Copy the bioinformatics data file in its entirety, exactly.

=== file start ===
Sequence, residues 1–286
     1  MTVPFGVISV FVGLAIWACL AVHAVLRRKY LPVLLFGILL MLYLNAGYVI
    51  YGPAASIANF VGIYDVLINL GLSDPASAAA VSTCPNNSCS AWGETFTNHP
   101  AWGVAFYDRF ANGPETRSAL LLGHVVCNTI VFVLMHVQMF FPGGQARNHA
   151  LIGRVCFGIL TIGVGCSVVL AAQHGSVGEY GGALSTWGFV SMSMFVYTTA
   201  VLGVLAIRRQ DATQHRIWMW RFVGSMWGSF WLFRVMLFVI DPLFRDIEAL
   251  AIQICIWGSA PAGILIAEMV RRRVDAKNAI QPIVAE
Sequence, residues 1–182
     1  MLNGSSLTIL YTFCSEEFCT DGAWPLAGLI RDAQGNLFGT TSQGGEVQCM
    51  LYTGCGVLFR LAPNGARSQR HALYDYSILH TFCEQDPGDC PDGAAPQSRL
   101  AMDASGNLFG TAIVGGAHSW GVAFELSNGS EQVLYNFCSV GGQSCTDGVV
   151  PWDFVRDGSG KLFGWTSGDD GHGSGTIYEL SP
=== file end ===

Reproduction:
Sequence, residues 1–286
     1  MTVPFGVISV FVGLAIWACL AVHAVLRRKY LPVLLFGILL MLYLNAGYVI
    51  YGPAASIANF VGIYDVLINL GLSDPASAAA VSTCPNNSCS AWGETFTNHP
   101  AWGVAFYDRF ANGPETRSAL LLGHVVCNTI VFVLMHVQMF FPGGQARNHA
   151  LIGRVCFGIL TIGVGCSVVL AAQHGSVGEY GGALSTWGFV SMSMFVYTTA
   201  VLGVLAIRRQ DATQHRIWMW RFVGSMWGSF WLFRVMLFVI DPLFRDIEAL
   251  AIQICIWGSA PAGILIAEMV RRRVDAKNAI QPIVAE
Sequence, residues 1–182
     1  MLNGSSLTIL YTFCSEEFCT DGAWPLAGLI RDAQGNLFGT TSQGGEVQCM
    51  LYTGCGVLFR LAPNGARSQR HALYDYSILH TFCEQDPGDC PDGAAPQSRL
   101  AMDASGNLFG TAIVGGAHSW GVAFELSNGS EQVLYNFCSV GGQSCTDGVV
   151  PWDFVRDGSG KLFGWTSGDD GHGSGTIYEL SP